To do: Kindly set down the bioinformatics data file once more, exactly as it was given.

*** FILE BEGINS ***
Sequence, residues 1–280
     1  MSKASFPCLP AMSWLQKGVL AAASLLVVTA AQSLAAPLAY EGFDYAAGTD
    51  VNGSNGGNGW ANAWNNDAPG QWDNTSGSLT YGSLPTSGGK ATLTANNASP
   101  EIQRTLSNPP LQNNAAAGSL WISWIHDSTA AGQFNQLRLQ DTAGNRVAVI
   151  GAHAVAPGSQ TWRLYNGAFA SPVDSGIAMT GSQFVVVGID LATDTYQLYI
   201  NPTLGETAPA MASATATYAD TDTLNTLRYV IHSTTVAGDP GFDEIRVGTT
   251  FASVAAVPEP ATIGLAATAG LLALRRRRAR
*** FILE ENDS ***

Sequence, residues 1–280
     1  MSKASFPCLP AMSWLQKGVL AAASLLVVTA AQSLAAPLAY EGFDYAAGTD
    51  VNGSNGGNGW ANAWNNDAPG QWDNTSGSLT YGSLPTSGGK ATLTANNASP
   101  EIQRTLSNPP LQNNAAAGSL WISWIHDSTA AGQFNQLRLQ DTAGNRVAVI
   151  GAHAVAPGSQ TWRLYNGAFA SPVDSGIAMT GSQFVVVGID LATDTYQLYI
   201  NPTLGETAPA MASATATYAD TDTLNTLRYV IHSTTVAGDP GFDEIRVGTT
   251  FASVAAVPEP ATIGLAATAG LLALRRRRAR